Drought conditions have prompted a call for water conservation along the Salmon River.
As of July 9, the province’s drought rating for the Salmon River had reached level 4, in which adverse impacts on fish are very likely and maximum water conservation for all water users and licensees is urged.
Drought levels, according to the Ministry of Forests, Lands, Natural Resource Operations and Rural Development (FLNRORD), are ranked from zero to five, with level 5 being the most severe.
“Residential, agricultural and industrial water users in areas affected by drought should observe all water conservation bylaws, watering restrictions and advice from their local government, irrigation district or water utility,” reads a July 9 media release by FLNRORD.
City of Salmon Arm engineering and public works director Rob Niewenhuizen said the Salmon River’s drought level doesn’t really impact the city, though it does mean less water flowing into the lake from that source.
Niewenhuizen is part of the Thompson-Okanagan Region Drought Response team that monitors drought levels in the region. He explained that efforts to mitigate less severe drought conditions begin with educating water users. When the drought level becomes more severe, users are advised to conserve water, and the ministry may take additional measures that could involve regulatory fines.
FLNRORD said irrigators, water licensees and users in watersheds experiencing water scarcity should prepare and plan in case additional targeted local water restrictions or provincial temporary protection are required.
Meanwhile, the City of Salmon Arm is urging its residents to abide by municipal watering restrictions and conserve water. Niewenhuizen recently explained to the Observer that on Mondays, when municipal water restrictions prohibit sprinkling, the city’s water treatment plant has been struggling to keep enough water flowing to replenish the city’s reservoirs.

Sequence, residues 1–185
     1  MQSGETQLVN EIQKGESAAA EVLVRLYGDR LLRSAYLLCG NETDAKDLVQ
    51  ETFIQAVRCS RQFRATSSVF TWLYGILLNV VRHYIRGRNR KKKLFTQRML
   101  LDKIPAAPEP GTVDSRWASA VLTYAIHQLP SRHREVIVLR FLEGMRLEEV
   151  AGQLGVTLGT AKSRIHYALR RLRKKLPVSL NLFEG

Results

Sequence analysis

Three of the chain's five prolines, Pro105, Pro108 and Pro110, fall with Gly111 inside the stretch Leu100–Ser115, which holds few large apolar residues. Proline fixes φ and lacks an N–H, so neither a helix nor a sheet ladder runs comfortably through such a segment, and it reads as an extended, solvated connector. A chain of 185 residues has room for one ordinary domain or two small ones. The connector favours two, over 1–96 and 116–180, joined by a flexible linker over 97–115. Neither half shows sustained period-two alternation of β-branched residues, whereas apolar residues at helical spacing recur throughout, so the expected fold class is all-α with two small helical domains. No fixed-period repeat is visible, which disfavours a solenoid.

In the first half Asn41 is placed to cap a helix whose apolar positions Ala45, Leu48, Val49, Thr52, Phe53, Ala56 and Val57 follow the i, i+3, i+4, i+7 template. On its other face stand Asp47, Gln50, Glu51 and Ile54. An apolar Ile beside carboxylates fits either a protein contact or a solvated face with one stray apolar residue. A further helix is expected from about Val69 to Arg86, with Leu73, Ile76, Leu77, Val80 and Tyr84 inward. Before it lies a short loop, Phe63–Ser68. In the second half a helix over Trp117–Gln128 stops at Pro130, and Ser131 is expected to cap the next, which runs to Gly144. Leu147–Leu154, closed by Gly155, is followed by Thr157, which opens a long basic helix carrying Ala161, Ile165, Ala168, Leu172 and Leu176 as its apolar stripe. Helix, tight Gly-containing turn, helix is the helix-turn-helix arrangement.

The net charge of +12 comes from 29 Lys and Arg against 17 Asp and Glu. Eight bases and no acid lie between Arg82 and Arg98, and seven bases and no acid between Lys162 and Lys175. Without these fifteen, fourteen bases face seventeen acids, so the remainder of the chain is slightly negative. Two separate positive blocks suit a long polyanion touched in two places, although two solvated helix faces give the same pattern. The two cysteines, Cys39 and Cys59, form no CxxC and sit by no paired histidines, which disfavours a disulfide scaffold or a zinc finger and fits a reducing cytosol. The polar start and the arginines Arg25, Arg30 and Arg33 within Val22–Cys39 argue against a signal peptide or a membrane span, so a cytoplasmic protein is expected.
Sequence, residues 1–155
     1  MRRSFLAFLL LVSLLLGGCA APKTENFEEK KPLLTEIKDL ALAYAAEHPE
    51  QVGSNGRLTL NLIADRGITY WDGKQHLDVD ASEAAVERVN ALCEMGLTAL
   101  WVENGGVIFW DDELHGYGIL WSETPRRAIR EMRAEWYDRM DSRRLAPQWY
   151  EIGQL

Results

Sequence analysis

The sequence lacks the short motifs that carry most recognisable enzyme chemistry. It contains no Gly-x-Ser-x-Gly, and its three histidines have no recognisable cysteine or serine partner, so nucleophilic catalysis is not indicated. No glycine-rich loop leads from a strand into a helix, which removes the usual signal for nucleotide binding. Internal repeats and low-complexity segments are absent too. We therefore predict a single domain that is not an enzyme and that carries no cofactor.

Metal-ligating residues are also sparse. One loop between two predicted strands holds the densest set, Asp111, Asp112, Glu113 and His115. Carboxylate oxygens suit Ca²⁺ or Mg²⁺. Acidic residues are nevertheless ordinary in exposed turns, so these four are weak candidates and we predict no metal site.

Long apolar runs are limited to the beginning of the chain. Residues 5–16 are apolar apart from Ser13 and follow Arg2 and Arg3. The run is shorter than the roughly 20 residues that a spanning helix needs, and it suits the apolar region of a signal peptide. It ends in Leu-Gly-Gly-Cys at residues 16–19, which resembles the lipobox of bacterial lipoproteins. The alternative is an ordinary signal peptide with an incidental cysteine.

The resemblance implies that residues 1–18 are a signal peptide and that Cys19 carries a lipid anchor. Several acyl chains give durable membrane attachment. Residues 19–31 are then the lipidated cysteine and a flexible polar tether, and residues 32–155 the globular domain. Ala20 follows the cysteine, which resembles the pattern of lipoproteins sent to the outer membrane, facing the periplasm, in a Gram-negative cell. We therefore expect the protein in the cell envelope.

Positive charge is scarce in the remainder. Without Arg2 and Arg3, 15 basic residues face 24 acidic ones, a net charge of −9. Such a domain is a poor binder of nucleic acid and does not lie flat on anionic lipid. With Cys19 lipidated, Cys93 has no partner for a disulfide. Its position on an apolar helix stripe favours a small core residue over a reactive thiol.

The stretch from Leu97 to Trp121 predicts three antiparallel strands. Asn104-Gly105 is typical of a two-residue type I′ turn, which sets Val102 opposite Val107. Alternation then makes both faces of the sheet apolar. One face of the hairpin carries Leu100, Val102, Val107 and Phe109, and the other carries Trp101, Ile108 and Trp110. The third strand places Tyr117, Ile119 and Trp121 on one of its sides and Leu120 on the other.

“When residents choose not to adhere to the restrictions, this leaves the city very vulnerable to hazards such as fires and power outages which typically result from lightning storms that can occur during the hot dry periods,” said Niewenhuizen.
The ministry offers the following water conservation tips:
• Limit outdoor watering;
• Do not water during the heat of the day or when it is windy;
• Consider planting drought-tolerant vegetation;
• Take shorter showers;
• Do not leave taps running;
• Install water-efficient showerheads, taps and toilets.
On the farm:
• Implement an irrigation-scheduling program using real-time weather data;
• Schedule irrigation to match crop needs and soil storage capacity;
• Improve water system efficiencies and check for leaks;
• Focus on high-value crops and livestock.
• Reduce non-essential water use;
• Recycle water used in industrial operations;
• Use water-efficient methods and equipment.
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